Suppose, in the weeks after 9/11, I had fired a longtime employee who happened to be a Muslim because I was afraid my emotions might have led me to behave inappropriately.
You might expect my former employee to sue me for illegally discriminating on the basis of her religion. You would probably further expect that I would lose that lawsuit. And you probably would not expect this result to change simply because I happened to hire another Muslim to replace the fired employee. The issue, after all, would not have been whether I illegally discriminated against all Muslims on the basis of their religion; the issue would be whether I illegally discriminated against the particular individual I had fired.
But this is not the way that some courts are applying state and federal anti-discrimination laws, as Melissa Nelson, an Iowa dental assistant, recently discovered.
Nelson, a married mother, worked for dentist James Knight for more than a decade. He reportedly said she was the best dental assistant he ever had. But Knight became sexually attracted to Nelson, and when the dentist’s wife - who also worked in his office - discovered this, she forced him to choose between his assistant and his marriage.
Whatever his skills as a dentist, Knight does not sound like a man whose personal charm would often sweep females off their feet. He allegedly told Nelson that if she saw his pants bulging, she would know her clothes were too revealing. He once texted her after work to complain that the top she’d worn that day was too tight. When she protested that this was unfair, he replied that it was good that she had not worn tight pants too, because then he would get it coming and going.
Nelson did not appear to let these comments bother her. She testified that she saw her boss as a father figure, and that she respected him but did not flirt with him. They began exchanging after-work text messages about six months before she was fired. Some were innocuous notes about their families; others went further. Nelson said she ignored one text in which her boss asked how often she experienced an orgasm. She never complained or asked him to stop, however.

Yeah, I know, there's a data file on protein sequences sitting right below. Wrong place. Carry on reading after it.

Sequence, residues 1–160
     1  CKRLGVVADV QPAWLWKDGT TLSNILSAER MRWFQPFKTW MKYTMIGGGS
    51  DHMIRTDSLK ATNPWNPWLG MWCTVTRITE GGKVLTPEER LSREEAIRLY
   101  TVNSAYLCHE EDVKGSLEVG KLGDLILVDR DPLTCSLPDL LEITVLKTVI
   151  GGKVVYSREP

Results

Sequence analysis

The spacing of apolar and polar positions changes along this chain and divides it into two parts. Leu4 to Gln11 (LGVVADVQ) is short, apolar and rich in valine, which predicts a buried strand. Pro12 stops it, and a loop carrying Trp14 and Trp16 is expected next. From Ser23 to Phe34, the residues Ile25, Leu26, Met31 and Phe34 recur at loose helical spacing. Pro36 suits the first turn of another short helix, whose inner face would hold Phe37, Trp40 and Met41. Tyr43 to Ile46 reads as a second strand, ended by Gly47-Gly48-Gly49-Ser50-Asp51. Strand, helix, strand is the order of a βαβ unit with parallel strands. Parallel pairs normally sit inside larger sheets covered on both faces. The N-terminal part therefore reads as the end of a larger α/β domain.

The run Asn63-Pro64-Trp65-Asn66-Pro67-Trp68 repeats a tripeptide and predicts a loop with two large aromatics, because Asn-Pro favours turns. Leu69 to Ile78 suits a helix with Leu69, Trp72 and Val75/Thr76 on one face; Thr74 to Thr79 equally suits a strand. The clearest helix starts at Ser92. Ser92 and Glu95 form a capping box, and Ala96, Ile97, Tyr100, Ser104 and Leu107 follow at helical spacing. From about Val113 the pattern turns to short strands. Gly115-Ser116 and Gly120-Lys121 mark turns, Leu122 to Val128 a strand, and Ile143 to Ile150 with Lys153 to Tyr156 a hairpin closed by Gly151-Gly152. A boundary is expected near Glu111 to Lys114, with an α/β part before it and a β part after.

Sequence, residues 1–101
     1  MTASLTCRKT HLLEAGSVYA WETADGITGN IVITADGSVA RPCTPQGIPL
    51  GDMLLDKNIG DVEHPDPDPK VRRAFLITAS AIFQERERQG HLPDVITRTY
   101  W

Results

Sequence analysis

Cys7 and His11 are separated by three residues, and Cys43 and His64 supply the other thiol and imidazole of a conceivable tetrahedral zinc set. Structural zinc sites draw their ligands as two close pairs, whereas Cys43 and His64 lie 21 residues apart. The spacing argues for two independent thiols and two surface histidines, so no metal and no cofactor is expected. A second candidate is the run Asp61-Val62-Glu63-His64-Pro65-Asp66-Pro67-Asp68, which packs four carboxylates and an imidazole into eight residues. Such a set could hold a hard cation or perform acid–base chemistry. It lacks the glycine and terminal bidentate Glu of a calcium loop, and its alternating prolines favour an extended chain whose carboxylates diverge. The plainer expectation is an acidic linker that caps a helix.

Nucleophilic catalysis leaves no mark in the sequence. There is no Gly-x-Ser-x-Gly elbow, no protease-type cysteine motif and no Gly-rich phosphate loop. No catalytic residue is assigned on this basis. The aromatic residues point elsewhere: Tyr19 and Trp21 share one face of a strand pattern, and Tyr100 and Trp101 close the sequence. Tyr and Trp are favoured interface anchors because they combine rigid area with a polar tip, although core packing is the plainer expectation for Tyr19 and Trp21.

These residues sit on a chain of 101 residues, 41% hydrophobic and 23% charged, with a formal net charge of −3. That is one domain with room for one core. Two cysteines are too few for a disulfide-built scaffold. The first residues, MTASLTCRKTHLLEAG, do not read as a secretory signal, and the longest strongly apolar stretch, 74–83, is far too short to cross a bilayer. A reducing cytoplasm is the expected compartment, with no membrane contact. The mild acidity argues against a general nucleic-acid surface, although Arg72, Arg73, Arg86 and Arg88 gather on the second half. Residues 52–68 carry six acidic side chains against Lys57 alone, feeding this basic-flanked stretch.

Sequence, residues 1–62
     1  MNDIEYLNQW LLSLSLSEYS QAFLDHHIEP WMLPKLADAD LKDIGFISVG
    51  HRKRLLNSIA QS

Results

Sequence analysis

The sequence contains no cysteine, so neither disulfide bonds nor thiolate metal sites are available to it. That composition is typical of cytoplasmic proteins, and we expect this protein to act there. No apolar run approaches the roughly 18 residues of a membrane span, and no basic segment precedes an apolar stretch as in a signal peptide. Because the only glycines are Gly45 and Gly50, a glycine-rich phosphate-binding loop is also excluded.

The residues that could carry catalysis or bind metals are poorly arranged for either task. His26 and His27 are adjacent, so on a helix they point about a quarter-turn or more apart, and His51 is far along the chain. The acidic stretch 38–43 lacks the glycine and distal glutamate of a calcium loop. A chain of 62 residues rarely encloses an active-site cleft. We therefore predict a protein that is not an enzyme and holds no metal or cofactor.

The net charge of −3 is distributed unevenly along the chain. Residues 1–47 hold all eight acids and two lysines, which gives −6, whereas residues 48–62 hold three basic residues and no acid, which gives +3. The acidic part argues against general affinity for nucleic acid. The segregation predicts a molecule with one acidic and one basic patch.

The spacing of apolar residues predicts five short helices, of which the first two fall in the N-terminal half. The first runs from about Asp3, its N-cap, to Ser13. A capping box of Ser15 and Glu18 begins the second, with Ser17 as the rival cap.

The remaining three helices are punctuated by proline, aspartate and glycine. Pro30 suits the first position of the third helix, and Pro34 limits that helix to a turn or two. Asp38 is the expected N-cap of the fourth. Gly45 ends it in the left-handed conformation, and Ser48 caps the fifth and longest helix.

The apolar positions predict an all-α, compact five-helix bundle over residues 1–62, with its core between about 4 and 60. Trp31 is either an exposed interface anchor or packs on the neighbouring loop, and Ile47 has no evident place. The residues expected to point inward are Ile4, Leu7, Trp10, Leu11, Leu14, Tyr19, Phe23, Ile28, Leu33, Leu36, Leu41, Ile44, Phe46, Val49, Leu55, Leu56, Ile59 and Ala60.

Things went south when Jeanne Knight, the dentist’s wife, discovered the texts. She and her husband consulted their pastor, who agreed that if the Knights’ marriage was to be salvaged, Nelson had to go. The dentist thereupon summoned his assistant to a meeting, attended by another pastor, at which he fired her. He gave her a month’s severance pay. Nelson’s husband later spoke to Knight, to no avail. Knight told Steve Nelson that he was afraid that he would not be able to resist pursuing an affair if Nelson remained his employee.
Nelson and her lawyers thought they had a pretty good case under the Iowa Civil Rights Act, which makes it illegal to “discharge any employee…because of the age, race, creed, color, sex, sexual orientation, gender identity, national origin, religion or disability of such…employee, unless based upon the nature of the occupation.”
But the fired employee never got the chance to present her case to a jury. An Iowa district court judge dismissed her suit, and the state Supreme Court agreed, ruling that Nelson was fired not because of her gender, but because “she was a threat to the marriage of Dr. Knight.” In other words, Nelson lost her job not because she was a woman, but because she was a woman whom the dentist found dangerously attractive.
The precedents cited by the Iowa courts were mainly instances in which the fired employee engaged in consensual sex, or at least suggestive behavior, with a boss. In other cases, employees who were not involved in intimate relationships with a supervisor complained of favoritism toward a co-worker who was. In one case, the owner of a family business fired a female employee who worked with his son because the son’s wife became jealous without apparent reason.
“So the question we must answer is…whether an employee who has not engaged in flirtatious conduct may be lawfully terminated simply because the boss views the employee as an irresistible attraction,” Justice Edward Mansfield wrote for the unanimous seven-member court, which happens to be all male.